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Investigative report shows Faison School reported highest number of student “seclusions”

“The state’s private school regulations define seclusion as ‘confinement of a student alone in a room from which the student is physically prevented from leaving.'”

RVAHub Staff

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The following is part of a six-month investigation carried out by VPM (Virginia Public Media:

According to state data, Virginia private schools serving students with disabilities reported a total of about 10,000 student seclusions across two recent school years. Regulations for the use of seclusion and restraint in these schools took effect in 2015, while regulations for the use of the practices in public schools haven’t been formally approved yet.

The state’s private school regulations define seclusion as “confinement of a student alone in a room from which the student is physically prevented from leaving.” The regulations also specify that seclusion should only be used in an emergency to prevent a student from seriously harming himself or others and “after less intrusive interventions have been attempted and failed to manage that particular behavior and there is a substantial explanation for why other interventions were deemed inadequate or inappropriate.” They also state that seclusion shouldn’t be used for disciplinary reasons, punishment, retaliation or for “staff’s convenience.”

One school reported over half of the approximately 10,000 seclusions for all Virginia private day schools combined for the 2016-2017 and 2017-2018 school years. The Faison Center reported a total of 5,617 seclusions to the state over that time period. The private, nonprofit school is located in Richmond’s West End and serves about 200 students with disabilities, many on the autism spectrum. The school first opened in 1999 with a handful of students but has steadily expanded since then.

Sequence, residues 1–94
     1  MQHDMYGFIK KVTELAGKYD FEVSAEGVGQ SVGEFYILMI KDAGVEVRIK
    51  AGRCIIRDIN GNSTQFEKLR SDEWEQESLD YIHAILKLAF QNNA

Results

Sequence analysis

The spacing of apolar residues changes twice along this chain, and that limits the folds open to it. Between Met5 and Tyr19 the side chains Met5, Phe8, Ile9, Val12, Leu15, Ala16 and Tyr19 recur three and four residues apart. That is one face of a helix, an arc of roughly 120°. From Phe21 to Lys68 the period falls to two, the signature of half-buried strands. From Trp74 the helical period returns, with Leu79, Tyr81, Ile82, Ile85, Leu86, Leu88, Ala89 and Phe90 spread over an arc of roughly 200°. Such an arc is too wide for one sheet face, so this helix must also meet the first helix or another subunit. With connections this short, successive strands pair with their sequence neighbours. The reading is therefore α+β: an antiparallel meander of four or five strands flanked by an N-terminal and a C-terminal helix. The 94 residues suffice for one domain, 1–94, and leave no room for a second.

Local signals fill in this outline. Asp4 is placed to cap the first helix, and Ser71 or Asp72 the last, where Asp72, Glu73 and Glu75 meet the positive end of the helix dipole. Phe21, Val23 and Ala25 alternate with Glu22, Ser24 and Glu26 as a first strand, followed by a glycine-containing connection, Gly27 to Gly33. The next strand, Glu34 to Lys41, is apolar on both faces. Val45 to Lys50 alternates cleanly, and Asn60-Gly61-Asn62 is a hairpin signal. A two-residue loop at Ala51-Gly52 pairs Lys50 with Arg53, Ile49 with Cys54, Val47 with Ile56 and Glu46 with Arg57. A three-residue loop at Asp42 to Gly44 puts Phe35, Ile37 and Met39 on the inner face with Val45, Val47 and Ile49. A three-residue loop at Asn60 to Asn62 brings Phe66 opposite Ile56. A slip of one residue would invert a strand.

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Pop-Up School Supply Drive: Help make a big difference for Henrico County students

While Henrico County Public Schools’ 2020-21 school year will begin using a fully virtual format, students still need school supplies. Here’s how you can help.

RVAHub Staff

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While Henrico County Public Schools’ 2020-21 school year will begin using a fully virtual format, students still need school supplies. Besides standard supplies such as highlighters and notebooks, many families also need assistance with supplies that might normally be found in a classroom, such as whiteboards and pencil sharpeners.

You can help by dropping off supplies at a Pop-Up School Supply Drive Thursday from 1:30-3 p.m. at Mad Science of Central Virginia in Glen Allen. To prioritize safety, the drop-off will use a drive-thru format, with social distancing and mask-use in effect. The drive is sponsored by HCPS’ Department of Family and Community Engagement. Some needed items are listed below.

It takes place Thursday, July 30 from 1:30-3 p.m. at Mad Science of Central Virginia, 11551 Nuckols Road. Contact Van-Neisha Johnson at 804-328-8110 or [email protected].

Elementary school items:

  • Wide-ruled notebook paper
  • No. 2 pencils
  • Highlighters
  • Black and white composition notebooks
  • Lined index cards
  • Pocket folders
  • Washable markers
  • Glue sticks
  • Crayons
  • Child-sized scissors
  • Pencil boxes
  • Backpacks

Middle and high school items:

  • College-ruled notebook paper
  • No. 2 pencils
  • Blue, black and red pens
  • Highlighters
  • Spiral notebooks
  • Lined index cards
  • Three-ring binders
  • Colored pencils
  • Four-function calculators
  • Dry-erase markers
  • Washable markers
  • Backpacks

Virtual learning family support items:

  • Calendar anchor charts